After reading Trump Jr.'s tweet, which Twitter collectively tore apart earlier in the week, the "Late Show" host joked: "Yes, it's never too early too teach kids the dangers of sharing."
"Also, it's never too early to learn the proper spelling of 'too,'" he added. "I bet that other O went to a poor person."
The CBS late-night host also pointed out the major flaw in Trump Jr.'s failed metaphor: "While we're at it Don Jr., on Halloween kids literally go door to door to get free candy from the neighbors, because the kids don't have it and the neighbors do. That's socialism."
Colbert also took issue with Trump Jr. being so dismissive of the hypothetical "kid who sat at home" on Halloween.
"You know Halloween is fun, right? No child in the history of childing has voluntarily missed Halloween. I'm worried that kid didn't go out. Why? Is he OK? Is that child caring for a sick parent?" Colbert asked. "You know what would be a nice thing to do? Give him your Halloween candy."
Then the comedian used candy to really tear into Trump Jr., using various brands of candy to teach him "economic theory."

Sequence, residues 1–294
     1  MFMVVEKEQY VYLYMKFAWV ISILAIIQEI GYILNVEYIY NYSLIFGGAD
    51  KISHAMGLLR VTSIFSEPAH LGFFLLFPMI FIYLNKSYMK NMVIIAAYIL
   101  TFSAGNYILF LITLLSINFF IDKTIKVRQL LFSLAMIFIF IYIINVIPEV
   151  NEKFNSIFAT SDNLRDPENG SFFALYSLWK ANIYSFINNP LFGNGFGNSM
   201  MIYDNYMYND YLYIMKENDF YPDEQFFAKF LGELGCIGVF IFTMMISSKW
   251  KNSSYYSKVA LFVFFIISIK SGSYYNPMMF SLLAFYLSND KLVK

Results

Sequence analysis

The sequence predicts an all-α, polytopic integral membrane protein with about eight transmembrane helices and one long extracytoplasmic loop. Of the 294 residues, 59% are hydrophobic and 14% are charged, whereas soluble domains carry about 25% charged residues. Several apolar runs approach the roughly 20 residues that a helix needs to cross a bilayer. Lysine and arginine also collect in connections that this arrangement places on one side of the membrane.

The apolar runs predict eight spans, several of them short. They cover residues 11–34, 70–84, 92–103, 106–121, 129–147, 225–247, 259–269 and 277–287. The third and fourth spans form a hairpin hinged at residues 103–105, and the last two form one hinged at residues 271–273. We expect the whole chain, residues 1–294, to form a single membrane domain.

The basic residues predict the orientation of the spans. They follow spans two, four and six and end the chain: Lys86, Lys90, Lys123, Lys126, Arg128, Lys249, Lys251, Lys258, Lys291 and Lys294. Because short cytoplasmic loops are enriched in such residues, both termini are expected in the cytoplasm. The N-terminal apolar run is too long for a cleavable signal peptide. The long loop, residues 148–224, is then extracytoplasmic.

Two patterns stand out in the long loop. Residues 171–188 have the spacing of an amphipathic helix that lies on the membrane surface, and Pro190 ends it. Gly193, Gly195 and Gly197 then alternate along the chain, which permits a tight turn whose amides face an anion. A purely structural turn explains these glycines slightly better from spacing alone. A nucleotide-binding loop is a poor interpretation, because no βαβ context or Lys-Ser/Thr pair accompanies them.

"You Junior [Mints] were born with many 100 Grands on 5th Avenue, all most people get from their parents is [Hershey] Kisses," he said before working more candy like Nerds, Dum Dums and Warheads into the joke, concluding with his own made-up candy bar. "I know we're having a lot of Snickers at your expense, but one thing is for sure, you're a total Douche."
This isn't the first Trump Jr. has used candy to make a political point. During his father's presidential campaign, he tweeted an image of a bowl of Skittles with the message, "If I had a bowl of skittles and I told you just three would kill you. Would you take a handful? That's our Syrian refugee problem."
"This image says it all. Let's end the politically correct agenda that doesn't put America first," Trump Jr. added in his tweet.
Much like his socialism joke, the Skittles tweet didn't go over so well either, with many calling it racist.